I've been reading Larry Correia's Monster Hunter series from the beginning, and have really loved it. I tried his Grimnoir series, and wasn't thrilled, but I thought his new fantasy series might be fun. And for a brief shining chapter or two, it was. After that, not so much.

The opening scene of the book is simply brilliant. Lieutenant Hugh Madigan, Knight of Cygnar, is working undercover to arrest a bandit leader in a tawdry tavern in an obscure village. Just as he is about to be brought into the inner circle, a clueless Cygnarian sergeant, Cleasby, stumbles into the taproom with an urgent message from the capitol for Madigan, and refuses to take a hint, blowing Madigan's cover, and triggering a bloody but short barroom brawl.

Madigan has been laboring in exile and disgrace after being on the wrong side of the most recent coup in the city of Sul, and being found guilty of war crimes - although that may just have been excessive enthusiasm about fulfilling his mission. But Cygnar is now at war with a neighboring kingdom, The Protectorate, and they need all of the skills Madigan can bring to bear to turn a platoon of the sorriest bunch of misfits the army has ever seen into elite Storm Knights and lead them into battle.

Up to the point where Madigan and his merry men head off to fight the Protectorate, things are pretty interesting, but after that point, nothing truly novel or amusing happens, in my opinion. I pushed on through to the end, because Correia at his worst is still pretty good. I think the book has a game tie-in of some sort, too, and this may be a chronicle of some RPG adventure set to paper. If you insist on owning the Compleat Correia, go for it.

Monday, February 9, 2015

The Ironwyrm Affair by Lilith SaintCrow

 So, I think I got about twenty five or thirty pages into this on before I gave up. Either there were books in other series that would have explained the alternate steampunk world I jumped into, or the book simply did a poor job of setting the scene. I felt like the major characters, a sorceress and a "mentath", had huge backstory issues that I was never going to understand without reading the back stories. Saintcrow's wikipedia page didn't give me enough information to find out what stories could have gone before this one, so I imagine she'll end up me, at least. Pity, as I actually purchased a copy of this book, and would have probably continued to buy them, had I been able to find my way.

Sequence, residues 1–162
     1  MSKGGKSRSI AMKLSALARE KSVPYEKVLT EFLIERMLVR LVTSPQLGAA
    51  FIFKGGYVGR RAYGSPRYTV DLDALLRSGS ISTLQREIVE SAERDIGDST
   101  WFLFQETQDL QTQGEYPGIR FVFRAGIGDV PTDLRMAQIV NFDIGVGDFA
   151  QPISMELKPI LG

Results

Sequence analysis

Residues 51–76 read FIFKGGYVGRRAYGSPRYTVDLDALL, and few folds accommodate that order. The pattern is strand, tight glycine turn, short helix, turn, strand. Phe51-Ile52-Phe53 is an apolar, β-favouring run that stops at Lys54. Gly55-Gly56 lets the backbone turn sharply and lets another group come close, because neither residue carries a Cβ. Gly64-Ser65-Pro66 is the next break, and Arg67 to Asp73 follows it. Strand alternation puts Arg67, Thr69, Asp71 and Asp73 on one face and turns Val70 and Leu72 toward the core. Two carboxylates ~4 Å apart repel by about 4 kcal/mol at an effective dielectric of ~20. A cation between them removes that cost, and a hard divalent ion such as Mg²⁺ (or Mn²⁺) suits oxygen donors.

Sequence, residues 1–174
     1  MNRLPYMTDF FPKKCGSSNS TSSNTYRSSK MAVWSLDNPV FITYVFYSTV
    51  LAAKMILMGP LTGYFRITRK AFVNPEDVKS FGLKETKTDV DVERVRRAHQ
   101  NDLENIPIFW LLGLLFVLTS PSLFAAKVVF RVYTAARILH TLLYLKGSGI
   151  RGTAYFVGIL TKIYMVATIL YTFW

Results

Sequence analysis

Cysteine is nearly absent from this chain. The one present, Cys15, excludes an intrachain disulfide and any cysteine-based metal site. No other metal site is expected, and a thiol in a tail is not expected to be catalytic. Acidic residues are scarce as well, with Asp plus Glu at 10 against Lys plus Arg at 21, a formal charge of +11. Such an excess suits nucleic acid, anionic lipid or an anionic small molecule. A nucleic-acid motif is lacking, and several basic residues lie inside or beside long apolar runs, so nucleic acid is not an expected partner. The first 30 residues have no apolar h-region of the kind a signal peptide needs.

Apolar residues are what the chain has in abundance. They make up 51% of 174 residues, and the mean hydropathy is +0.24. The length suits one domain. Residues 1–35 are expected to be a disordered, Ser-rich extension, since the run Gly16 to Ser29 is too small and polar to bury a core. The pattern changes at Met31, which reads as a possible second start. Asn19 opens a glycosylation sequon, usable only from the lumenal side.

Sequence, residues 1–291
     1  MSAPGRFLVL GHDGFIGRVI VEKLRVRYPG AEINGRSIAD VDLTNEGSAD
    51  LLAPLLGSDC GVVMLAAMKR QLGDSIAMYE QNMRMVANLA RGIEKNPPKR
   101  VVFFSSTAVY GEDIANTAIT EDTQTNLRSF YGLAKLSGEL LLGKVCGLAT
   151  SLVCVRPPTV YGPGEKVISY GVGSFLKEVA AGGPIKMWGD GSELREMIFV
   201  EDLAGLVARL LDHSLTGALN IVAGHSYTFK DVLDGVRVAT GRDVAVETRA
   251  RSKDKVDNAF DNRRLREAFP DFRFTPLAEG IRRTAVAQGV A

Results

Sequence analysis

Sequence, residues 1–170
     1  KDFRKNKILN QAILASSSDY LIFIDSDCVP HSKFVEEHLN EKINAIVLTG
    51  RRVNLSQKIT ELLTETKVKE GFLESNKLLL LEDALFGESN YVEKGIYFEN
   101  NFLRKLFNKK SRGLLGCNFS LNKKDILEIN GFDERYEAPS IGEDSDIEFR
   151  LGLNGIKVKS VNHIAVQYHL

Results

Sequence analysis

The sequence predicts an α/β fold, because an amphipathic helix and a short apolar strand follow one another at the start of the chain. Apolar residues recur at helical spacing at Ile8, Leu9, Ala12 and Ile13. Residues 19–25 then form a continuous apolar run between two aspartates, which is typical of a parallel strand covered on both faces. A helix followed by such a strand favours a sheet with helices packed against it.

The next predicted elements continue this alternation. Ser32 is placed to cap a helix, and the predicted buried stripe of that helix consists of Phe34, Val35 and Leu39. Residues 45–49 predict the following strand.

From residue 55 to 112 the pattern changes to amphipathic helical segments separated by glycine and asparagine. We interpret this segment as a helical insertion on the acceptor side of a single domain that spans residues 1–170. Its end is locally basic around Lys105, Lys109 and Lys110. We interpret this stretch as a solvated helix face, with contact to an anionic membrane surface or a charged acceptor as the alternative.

Ah well.

Friday, February 6, 2015

Good News

It appears that the Google team was able to renew my domain after all - no thanks to any of their (totally nonexistent) customer support. So y'all can enjoy another year of my babbling, rambling and ranting.

Lock In by John Scalzi

Scalzi has gone in a new and rather cool direction with this near future plague novel, served up as a mystery. A highly contagious disease, Haden's syndrome, similar to meningitis and polio, has swept the world, killing millions and leaving millions more "locked in", completely paralyzed, though fully aware of their surroundings. As the First Lady of the U.S. was one of the early victims, the government threw massive resources into researching the disease, and while a cure has not been found, a palliative measure has been massively adopted - the implantation of neural nets in the brains of the victims, through which they are able to control android bodies called "threeps" (Star Wars fans will get it) and go about the semi-normal functions of daily life. There is also a virtual realm open to the Hadens, called The Agora, where they can interact more fully with others of their kind. There is a third type of Haden's victim, who make a full physical recover from the disease, but their brain structure is changed to the point where, with the implanting of a neural network, and some specialized training, they can allow the paralyzed Hadens to use their body to experience the real world for a time. They are called Integrators, and they are well-paid.

At the beginning of the story, new legislation has been passed which will remove most of the government funding supporting government research and medical treatment for this victim class. One of the Hadens, Chris Shane, the son of a prominent billionaire and Senate candidate, is starting his first day on the job as an FBI agent as things kick off. He and his partner, Leslie Vann, a former Integrator, are assigned to a murder case involving an Integrator, and things get complicated from there. There's a good "cop buddy movie" vibe to their interactions - veteran and rookie style.